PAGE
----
Being short of key data readouts and running out of cash is a challenging place in any market, but will be particularly challenging in the near term. Companies needing to tap the equity capital markets for financing over the next 3-4 quarters could find it incredibly costly, and the cost of capital is only likely to worsen considerably if we are in the mid- to long-term macro downside scenarios.
Over the next couple months, here are five no-brainer decisions to act on in the near term:
- Focus on optimizing your virtual execution model.With social distancing likely to persist (to varying extents) in the months ahead, biotechs need to step up their game on remote operational excellence. This includes working closely with global partners to create new SOPs for how to engage on virtual project teams. Investing in new working models will help. Sharing of best practices by executive teams across the industry is happening organically, and these should have positive impact. This is the only way timelines don’t take a massive hit. This is where core corporate values come into place, as has been described by Surface and Synlogic executives in recent blogs.
- Conserve capital in the near term.To buy some optionality, reprioritizing resources to the key program(s) and pressing pause elsewhere for a couple months makes sense. This may mean slowing down non-essential hiring in the near term (e.g., a “hiring freeze”) and minimizing non-critical capital expenditures this spring. If your lab isn’t operational, perhaps delaying the planned lab hires or equipment. Unless you are certain about the magnitude of your expected delays and or macro view, doing painful reductions in force (RIFs) right now would be premature. Things may change as visibility gets better this spring, but right now buying strategic optionality is important. In a few months, significantly cutting burn, or ancillary programs, to ensure the viability of the lead program(s) may be prudent management but more visibility is needed.
- Shore up your balance sheet. The cost of capital is likely to go up over the next few months, so lock in any closings of equity capital in the near term. Rounds are still getting done as planned: we’ve had or will have a dozen financings close in March-April this year, and co-investors have all stepped up despite the turmoil. Teams should also consider whether venture debt or credit lines can help them get through data windows. Raising money in the summer if the macro scenarios shift towards #3 could be very challenging for loss-making biotech companies. Also worth considering if SBIR and other non-dilutive sources of funding make sense, as those are long lead time items. In addition, the details of the current pandemic stimulus plan aren’t clear, but this could involve financial support for the sector if 2009 is any guide, where $10B was earmarked for biomedical research.
- Seek Pharma partners openly and actively.The reality is Pharma has cash flow and huge warchests, which is likely going to continue even in this pandemic crisis. Beyond just cash, Pharma can bring stability to programs and reduce the entropy associated with operating in a pandemic. Finding good long-term partners could be especially valuable for platform companies with broader portfolios; since the equity markets may be less accommodating, pharma partners may help advance non-lead programs. Regional deals for China or Asian rights may be worth pursuing as a way to strengthen balance sheets. Option deals, recently out of vogue, may be of interest again to hedge future uncertainty. 2020 is likely the time to get good deals done, and to not let the perfect deal be the enemy of the good. I’d expect to see partnering announcements pick up in the latter half of the year.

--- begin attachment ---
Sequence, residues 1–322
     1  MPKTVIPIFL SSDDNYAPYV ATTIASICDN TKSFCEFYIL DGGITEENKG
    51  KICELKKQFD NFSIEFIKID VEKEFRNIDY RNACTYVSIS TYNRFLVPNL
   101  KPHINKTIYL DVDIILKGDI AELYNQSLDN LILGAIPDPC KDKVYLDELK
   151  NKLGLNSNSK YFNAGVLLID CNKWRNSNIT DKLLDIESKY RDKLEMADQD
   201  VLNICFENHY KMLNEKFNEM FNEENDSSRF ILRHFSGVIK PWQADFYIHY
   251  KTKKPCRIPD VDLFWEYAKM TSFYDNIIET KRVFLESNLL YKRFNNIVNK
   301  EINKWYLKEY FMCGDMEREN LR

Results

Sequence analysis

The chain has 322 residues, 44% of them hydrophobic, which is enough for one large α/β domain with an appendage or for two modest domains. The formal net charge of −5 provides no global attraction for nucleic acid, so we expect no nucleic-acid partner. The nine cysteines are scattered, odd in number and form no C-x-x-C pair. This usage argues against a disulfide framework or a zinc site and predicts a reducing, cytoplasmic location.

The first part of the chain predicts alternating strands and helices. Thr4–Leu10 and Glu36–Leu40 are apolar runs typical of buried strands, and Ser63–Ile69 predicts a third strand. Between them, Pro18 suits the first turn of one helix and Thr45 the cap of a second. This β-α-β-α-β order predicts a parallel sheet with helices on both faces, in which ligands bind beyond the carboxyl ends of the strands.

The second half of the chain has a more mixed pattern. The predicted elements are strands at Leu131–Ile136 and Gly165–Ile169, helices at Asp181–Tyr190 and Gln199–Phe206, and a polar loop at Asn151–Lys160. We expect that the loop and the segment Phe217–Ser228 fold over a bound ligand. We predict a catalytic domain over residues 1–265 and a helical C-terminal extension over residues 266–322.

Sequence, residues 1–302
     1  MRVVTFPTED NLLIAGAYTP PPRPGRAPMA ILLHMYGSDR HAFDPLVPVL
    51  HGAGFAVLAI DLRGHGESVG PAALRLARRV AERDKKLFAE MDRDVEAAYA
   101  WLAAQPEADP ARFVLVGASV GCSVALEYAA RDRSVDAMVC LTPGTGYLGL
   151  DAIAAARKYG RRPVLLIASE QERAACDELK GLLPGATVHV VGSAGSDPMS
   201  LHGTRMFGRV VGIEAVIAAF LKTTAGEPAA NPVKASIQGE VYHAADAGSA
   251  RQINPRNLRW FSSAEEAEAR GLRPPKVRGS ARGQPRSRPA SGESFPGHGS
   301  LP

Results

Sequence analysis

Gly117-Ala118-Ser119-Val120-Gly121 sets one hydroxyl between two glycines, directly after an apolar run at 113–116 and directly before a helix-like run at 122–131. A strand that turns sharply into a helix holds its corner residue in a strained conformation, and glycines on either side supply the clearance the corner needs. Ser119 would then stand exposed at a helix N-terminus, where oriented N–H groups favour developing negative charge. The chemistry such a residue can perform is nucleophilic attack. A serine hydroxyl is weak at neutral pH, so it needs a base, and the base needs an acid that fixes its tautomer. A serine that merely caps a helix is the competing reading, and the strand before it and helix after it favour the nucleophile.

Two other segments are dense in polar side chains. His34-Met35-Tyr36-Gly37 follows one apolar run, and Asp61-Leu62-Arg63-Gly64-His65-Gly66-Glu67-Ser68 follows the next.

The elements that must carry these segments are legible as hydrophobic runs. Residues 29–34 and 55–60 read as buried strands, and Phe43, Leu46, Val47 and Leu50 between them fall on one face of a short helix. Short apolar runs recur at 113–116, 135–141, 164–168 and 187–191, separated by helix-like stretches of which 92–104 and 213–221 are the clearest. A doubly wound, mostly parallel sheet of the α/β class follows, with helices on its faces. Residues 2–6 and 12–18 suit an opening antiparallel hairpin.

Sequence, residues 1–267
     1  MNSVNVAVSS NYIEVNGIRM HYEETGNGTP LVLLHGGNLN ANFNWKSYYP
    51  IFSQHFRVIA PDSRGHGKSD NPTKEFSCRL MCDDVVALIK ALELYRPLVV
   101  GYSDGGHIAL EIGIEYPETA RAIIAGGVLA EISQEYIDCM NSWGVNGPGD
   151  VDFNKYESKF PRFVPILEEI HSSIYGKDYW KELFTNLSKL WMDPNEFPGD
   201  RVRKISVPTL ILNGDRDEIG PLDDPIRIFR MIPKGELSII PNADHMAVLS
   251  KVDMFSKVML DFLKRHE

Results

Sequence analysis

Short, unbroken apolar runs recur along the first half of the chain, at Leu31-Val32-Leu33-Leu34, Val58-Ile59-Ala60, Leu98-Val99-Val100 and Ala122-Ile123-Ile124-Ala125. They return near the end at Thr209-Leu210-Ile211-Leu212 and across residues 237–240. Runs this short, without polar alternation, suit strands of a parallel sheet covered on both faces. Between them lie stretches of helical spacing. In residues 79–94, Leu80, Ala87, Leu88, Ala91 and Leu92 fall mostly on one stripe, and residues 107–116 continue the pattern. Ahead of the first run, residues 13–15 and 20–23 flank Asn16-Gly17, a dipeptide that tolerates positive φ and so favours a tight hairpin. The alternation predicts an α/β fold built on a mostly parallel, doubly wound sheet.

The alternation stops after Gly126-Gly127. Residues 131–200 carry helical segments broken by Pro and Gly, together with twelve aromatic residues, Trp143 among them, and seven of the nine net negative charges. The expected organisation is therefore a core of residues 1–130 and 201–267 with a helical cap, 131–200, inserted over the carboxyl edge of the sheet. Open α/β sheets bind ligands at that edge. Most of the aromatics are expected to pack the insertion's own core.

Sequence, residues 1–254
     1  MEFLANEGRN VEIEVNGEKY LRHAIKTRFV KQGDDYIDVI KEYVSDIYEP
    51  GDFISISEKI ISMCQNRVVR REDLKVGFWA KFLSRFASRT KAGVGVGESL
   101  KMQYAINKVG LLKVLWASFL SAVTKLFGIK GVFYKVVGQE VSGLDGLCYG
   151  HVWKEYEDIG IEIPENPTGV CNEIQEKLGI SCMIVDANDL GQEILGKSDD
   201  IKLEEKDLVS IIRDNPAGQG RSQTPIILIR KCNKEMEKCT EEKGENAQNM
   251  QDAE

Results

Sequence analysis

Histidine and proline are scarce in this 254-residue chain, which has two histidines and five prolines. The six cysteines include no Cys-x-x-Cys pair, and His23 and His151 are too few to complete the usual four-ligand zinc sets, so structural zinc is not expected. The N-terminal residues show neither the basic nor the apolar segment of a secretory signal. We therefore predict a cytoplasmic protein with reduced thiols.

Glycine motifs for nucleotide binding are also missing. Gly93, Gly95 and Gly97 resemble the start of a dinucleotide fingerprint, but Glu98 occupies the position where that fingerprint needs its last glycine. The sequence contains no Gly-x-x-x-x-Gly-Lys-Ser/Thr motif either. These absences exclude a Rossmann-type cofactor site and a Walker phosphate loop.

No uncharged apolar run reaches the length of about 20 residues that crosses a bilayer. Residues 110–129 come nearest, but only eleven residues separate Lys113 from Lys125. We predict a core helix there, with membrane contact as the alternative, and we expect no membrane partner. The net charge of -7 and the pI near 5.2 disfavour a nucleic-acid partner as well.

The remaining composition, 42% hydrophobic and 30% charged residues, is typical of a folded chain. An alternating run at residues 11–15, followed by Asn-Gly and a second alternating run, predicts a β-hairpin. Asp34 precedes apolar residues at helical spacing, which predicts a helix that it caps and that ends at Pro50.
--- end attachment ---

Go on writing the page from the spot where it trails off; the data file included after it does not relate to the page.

- Remember Eisenhower: “Plans are worthless, but planning is everything”. Right now we are surrounded by uncertainty and volatility, so it’s far more challenging than “normal” to fix a strategy in stone. Continually revisiting our assumptions as we learn more in this unfolding pandemic is critical for modifying our strategic and operating plans: adaptability will be the hallmark of winning companies. It’s critical to think through the various contingencies if Scenario #1, #2, or #3 – or another variant of them – emerges. In addition, it’s valuable to understand how fundraising windows play into the “degrees of freedom” you have for decision-making; wait too long for certain decisions and you may lose the optionality, or vice versa – some choices are mutually exclusive with others. All this comes out in thorough planning process. Engage your Board and your key shareholders in your various battle scenarios.
During a once-in-a-decade crisis like COVID-19, biotech executives need to step up their strategic game and integrate various macro scenarios into their planning. We won’t have great visibility for a few months on how the COVID pandemic disruption will play out for biotech’s R&D programs, but buying optionality in the near-term and pushing a candid assessment of strategic plans is critical.
Hopefully, with the right strategic discussions and decision-making in the near term, the biotech sector can avoid being paralyzed by this market dislocation and collectively advance our innovative R&D pipeline through to their next inflection points. Patients need these new medicines regardless of a viral pandemic.